17 September 2011

Dividends and Stock Prices

I've been writing about finance on a regular basis since 2000, yet it took me until this week to get clear in my own mind the significance of the questions: do stock prices fall in value in response to a  forthcoming dividend payment? and its related question: if so, why? There is a lot of material about which I am still very naive, I concede.

If I had been asked, I might have remembered some long-distant lesson about two guys whose names each begin with the letter "M," and the notion that dividend policy, in an efficient market, is neutral as to the value of a stock. So I would have denied that any move at all could be predicted with any degree of confidence.

That may still be the "right answer," but I now believe I understand that there is a controversy here, and why.  Figuring it out involved wrestling with vocabulary and chronology. My understanding is that the usual process is this: a company will say that it will pay dividends this quarter, and it will set a "record date" in the near future, and a "payment date" about a week after that. The payments will go out to everyone who owns the company's stock -- who is a "holder of record," as of the record date.  Hence the term.

But to make things more complicated, two days before the record date comes what is called the ex-dividend date. This exists because it can take a couple of days for a stock transaction to settle: for the necessary paperwork to get done between the time somebody shouts "sold" on a trading floor on your behalf and the time you are in deed a owner of record. Thus, before the ex-dividend date the stock was trading "with the dividend," -- part of what you were purchasing in buying it was the expectationof that dividend. On and after that date, the stock is trading "ex" the dividend. 

Intuitively, then, one would expect stocks to increase in value at the time of the announcement and drop in value again on the ex-dividend date. As of the announcement, the stock carries with it the promise of a near-immediate cash rebate, whereas after the ex-dividend day, the stock no longer carries the expectation of a cash payment that it had carried the day before.  Why, then, wouldn't it be worth a bit more after the one development and a but less after the other?

But the money doesn't come out of nowhere. The market at the time of the announcement understands that by these cash payments the company will be depriving itself of that amount of cash, and losing the opportunity to re-invest it in something productive. Further (and this was the key to the Miller-Modigliani argument to which I alluded above) the market is indifferent between an increase in the value of the stock by one dollar on the one hand and the pay-off of $1 as a dividend on the other. So these announcements don't seem to produce any increase in value.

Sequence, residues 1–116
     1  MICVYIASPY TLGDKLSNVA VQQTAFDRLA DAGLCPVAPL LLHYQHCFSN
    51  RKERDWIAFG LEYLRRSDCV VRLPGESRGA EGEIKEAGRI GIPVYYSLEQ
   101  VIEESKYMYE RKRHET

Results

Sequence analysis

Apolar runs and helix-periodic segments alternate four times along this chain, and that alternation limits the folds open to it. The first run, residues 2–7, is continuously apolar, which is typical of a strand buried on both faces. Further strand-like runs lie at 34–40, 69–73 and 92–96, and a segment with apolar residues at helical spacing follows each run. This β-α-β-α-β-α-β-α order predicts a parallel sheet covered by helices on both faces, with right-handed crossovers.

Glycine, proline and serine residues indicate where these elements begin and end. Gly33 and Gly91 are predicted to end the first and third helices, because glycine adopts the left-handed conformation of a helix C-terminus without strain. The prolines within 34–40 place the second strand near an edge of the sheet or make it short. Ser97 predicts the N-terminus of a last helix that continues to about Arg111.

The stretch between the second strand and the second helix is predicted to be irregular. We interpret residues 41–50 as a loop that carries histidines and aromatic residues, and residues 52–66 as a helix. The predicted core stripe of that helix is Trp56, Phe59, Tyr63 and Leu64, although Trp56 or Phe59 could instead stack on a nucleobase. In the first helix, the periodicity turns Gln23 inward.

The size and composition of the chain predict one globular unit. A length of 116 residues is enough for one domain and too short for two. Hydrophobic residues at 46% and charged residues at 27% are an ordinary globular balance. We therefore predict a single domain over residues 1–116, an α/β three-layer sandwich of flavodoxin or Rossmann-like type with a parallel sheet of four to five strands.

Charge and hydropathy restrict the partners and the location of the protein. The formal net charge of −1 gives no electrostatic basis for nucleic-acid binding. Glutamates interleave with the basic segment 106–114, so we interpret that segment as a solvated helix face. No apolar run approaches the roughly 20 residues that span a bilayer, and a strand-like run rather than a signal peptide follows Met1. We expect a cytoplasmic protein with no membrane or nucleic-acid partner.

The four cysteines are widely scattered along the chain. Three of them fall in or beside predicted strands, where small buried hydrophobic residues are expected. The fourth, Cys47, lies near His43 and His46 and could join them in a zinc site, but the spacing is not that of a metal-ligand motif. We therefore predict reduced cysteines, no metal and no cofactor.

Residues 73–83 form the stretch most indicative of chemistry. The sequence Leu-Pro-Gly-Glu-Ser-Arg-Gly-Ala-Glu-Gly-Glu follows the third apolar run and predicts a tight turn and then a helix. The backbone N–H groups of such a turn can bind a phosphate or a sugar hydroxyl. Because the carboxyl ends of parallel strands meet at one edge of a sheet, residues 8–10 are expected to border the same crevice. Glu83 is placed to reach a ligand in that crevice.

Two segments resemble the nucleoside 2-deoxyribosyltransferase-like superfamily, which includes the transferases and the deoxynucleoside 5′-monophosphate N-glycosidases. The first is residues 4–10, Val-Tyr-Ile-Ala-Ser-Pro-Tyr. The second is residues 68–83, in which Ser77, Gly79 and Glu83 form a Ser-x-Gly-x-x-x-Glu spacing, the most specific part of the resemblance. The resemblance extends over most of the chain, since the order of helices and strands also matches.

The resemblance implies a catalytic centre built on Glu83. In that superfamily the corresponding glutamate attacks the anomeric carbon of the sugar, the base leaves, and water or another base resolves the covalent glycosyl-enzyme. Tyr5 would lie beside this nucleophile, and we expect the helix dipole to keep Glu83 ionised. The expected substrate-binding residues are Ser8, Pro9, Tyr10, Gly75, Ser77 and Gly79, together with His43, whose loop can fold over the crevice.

There is an arbitrage argument for the irrelevance of the ex-dividend date, too. After the declaration date, everyone in the market knows when the dividend will be paid, and when the ex-dividend date arrives. If this situation were sufficient to create a price drop, then a lot of speculators would rush in a short sell the stock in the days leading up to the ex-dividend day, betting on that price drop. Their short sales would cause the price to fall earlier than that date, perhaps as soon as the day after the announcement. The date itself, then, would be an irrelevance.

The situation is complicated by the issue of taxation. Dividends are taxed more than are capital gains, a fact that may make some investors and traders less willing to buy a stock that has announced a dividend in that run-up to the ex-dividend day than they would otherwise be, and might thus reduce the extent of the drop, if any, on that day.

Theories notwithstanding, there is evidence that there is a decline ceteris paribus on or around the ex-dividend date.

Is the decline equal to the full value of the dividend to be paid, perhaps with some modification for tax considerations?  That is another question, and not one I yet want to try to tackle.

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Knowledge is warranted belief -- it is the body of belief that we build up because, while living in this world, we've developed good reasons for believing it. What we know, then, is what works -- and it is, necessarily, what has worked for us, each of us individually, as a first approximation. For my other blog, on the struggles for control in the corporate suites, see www.proxypartisans.blogspot.com.